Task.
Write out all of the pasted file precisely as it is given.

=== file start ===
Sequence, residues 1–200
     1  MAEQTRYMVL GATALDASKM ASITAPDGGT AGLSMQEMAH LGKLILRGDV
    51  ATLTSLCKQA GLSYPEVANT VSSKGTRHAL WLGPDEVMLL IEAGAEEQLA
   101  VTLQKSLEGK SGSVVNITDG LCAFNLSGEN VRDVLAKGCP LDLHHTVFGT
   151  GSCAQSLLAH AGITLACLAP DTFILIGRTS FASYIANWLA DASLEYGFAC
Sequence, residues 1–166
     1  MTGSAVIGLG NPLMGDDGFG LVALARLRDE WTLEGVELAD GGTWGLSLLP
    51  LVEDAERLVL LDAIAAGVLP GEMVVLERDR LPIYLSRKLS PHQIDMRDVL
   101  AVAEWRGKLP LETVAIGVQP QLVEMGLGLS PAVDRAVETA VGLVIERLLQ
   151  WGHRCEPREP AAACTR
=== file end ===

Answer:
Sequence, residues 1–200
     1  MAEQTRYMVL GATALDASKM ASITAPDGGT AGLSMQEMAH LGKLILRGDV
    51  ATLTSLCKQA GLSYPEVANT VSSKGTRHAL WLGPDEVMLL IEAGAEEQLA
   101  VTLQKSLEGK SGSVVNITDG LCAFNLSGEN VRDVLAKGCP LDLHHTVFGT
   151  GSCAQSLLAH AGITLACLAP DTFILIGRTS FASYIANWLA DASLEYGFAC
Sequence, residues 1–166
     1  MTGSAVIGLG NPLMGDDGFG LVALARLRDE WTLEGVELAD GGTWGLSLLP
    51  LVEDAERLVL LDAIAAGVLP GEMVVLERDR LPIYLSRKLS PHQIDMRDVL
   101  AVAEWRGKLP LETVAIGVQP QLVEMGLGLS PAVDRAVETA VGLVIERLLQ
   151  WGHRCEPREP AAACTR